When Our “Enemies” Teach Us to Behave Like Christians

Last week Egyptian Muslims from all walks of life from social activists and journalists to engineers and housewives demonstrated solidarity with their Christian neighbors by attending Christmas Eve masses, effectively acting as a human shield to counter recent threats against churches by Muslim extremists.

The gesture was more than symbolic, for the dangers facing Egypt’s large Coptic Christian community are very real indeed.  This solidarity comes as a response to the New Year’s Day bombing of a church, which killed 23, and angry protests by Copts who accuse Egypt’s Muslim government of doing little to protect them.  “I know it might not be safe, yet it’s either we live together, or we die together, we are all Egyptians,” said one Muslim housewife.

As U.S. and other Western forces continue to occupy Muslim countries, the region’s ancient Christian communities have come under increasing threats, as seen in the bombing of a Baghdad church last October. “They are your people,” Arab Christians are often told by their outraged Muslim neighbors, referring to the American invaders.

That is why the recent call for Egyptians to stand together as “one nation,” led by Muslim leaders and journalists, has taken on aspects of a civil rights struggle, in which courageous citizens step up and take the lead, when their government will not.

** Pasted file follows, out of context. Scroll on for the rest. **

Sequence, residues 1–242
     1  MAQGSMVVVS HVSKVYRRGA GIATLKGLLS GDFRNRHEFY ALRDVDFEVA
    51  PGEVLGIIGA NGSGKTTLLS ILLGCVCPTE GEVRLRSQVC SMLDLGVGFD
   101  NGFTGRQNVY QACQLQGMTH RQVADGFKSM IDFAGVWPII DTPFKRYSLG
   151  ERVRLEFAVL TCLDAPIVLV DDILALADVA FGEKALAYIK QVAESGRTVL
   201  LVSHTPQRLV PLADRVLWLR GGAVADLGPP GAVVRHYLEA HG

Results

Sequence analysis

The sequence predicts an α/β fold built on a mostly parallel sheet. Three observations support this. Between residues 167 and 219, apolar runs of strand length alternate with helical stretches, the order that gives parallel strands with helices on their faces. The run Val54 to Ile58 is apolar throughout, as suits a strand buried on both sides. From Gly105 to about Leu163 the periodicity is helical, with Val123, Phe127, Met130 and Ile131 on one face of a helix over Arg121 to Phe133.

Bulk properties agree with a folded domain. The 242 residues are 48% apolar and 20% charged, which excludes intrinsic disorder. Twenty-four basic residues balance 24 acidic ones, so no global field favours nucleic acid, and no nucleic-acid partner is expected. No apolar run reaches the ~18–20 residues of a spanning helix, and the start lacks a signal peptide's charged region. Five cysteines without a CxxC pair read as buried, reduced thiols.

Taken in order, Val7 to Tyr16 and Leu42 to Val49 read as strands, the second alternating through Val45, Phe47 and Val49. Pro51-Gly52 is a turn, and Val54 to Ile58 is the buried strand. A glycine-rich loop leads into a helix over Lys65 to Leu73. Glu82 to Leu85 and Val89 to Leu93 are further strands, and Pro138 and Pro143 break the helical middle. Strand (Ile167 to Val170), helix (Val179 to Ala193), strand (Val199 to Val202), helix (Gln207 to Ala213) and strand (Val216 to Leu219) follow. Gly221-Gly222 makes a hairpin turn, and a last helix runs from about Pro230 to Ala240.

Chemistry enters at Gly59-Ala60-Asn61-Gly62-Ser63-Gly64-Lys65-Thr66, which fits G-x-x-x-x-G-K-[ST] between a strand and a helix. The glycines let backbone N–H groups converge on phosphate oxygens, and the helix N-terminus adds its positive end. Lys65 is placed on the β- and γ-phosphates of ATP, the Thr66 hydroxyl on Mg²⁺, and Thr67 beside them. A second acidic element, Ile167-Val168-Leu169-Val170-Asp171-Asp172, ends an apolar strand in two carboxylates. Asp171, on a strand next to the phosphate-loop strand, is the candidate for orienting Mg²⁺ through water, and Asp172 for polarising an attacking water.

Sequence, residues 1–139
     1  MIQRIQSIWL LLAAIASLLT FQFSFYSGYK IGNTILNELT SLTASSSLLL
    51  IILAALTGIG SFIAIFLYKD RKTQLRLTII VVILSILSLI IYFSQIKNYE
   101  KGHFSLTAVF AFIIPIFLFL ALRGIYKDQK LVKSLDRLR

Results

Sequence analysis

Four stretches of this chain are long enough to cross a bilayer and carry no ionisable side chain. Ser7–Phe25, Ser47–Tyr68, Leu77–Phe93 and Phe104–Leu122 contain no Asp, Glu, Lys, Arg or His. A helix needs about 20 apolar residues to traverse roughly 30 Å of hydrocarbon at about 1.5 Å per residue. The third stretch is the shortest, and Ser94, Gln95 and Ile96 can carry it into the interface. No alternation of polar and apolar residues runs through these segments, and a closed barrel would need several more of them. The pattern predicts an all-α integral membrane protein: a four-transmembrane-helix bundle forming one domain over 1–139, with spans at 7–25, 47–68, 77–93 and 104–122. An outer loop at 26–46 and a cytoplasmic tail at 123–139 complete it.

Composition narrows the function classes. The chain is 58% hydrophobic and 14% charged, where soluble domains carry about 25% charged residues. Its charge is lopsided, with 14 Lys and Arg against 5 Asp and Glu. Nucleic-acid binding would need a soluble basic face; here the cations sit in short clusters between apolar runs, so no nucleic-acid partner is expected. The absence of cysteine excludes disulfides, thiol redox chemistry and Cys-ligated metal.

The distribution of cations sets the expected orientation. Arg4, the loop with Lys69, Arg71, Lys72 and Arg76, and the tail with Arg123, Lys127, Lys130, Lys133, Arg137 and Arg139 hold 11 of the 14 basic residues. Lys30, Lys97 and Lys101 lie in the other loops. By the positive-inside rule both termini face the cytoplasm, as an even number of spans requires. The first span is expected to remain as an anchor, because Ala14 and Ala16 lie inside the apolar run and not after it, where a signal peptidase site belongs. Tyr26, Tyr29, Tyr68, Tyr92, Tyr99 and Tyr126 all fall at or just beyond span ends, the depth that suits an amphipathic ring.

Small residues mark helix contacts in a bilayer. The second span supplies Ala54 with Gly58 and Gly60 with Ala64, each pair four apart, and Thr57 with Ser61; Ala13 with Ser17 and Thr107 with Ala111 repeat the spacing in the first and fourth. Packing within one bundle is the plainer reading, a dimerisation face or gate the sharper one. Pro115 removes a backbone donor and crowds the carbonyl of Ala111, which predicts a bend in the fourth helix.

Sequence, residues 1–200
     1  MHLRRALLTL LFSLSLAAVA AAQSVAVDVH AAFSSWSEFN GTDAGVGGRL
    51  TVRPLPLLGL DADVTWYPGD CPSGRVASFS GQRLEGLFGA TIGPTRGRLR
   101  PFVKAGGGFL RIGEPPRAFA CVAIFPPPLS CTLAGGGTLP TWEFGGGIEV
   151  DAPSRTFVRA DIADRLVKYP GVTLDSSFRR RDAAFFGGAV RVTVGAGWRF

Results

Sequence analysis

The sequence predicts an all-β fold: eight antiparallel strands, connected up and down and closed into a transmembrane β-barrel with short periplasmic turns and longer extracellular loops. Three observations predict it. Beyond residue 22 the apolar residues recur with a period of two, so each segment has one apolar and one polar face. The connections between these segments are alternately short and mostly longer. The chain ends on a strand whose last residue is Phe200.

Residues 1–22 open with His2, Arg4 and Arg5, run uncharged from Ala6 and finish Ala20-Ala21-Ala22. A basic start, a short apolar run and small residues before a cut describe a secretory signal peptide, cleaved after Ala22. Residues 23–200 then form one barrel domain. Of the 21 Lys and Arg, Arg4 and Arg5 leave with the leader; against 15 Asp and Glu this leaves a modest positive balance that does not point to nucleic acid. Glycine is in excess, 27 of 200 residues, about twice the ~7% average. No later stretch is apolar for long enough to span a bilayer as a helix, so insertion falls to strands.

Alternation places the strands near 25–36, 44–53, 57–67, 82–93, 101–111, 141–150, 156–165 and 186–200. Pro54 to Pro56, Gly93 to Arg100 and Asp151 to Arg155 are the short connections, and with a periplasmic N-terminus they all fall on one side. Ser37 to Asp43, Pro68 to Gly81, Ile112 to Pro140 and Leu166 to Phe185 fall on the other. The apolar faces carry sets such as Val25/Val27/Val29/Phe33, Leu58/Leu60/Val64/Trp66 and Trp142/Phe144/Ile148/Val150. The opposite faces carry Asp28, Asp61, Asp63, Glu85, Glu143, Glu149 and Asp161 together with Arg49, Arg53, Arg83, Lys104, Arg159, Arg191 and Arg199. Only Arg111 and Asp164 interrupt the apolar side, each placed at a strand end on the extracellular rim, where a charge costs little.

In his teachings, parables and miracle stories Jesus Christ was not averse to making “sinners,” pagans, Gentiles and the traditional enemies of the Jews into heroes of the faith– anything to provoke his own people to jealousy.  The list is extensive:  a Roman centurion, a Canaanite woman, a Samaritan leper, the widow of Zaraphath, to name just a few.  In the parable of the Good Samaritan, for instance, the point of the story is not just that we are to set an example in treating our enemies with love.  Instead, our enemy is the example– to our shame. 

As in many of the parables of our Lord, the lesson we can derive from last week’s events in Egypt is really more of a question, and that is… Would we do the same?

As American Muslims suffer increasing prejudice, slander, racial profiling, vandalism and threats of violence here at home, are we willing to stand with them as fellow citizens of a country that prides itself on its respect for religious freedoms?


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2 responses to “

  1. What was that about walking a mile in someone else's mocassins?Frankly I doubt we, as a country, could return the favor, Steve. The bigotry and arrogance run way too deep.

  2. Yeah, I don't think we get it at all.

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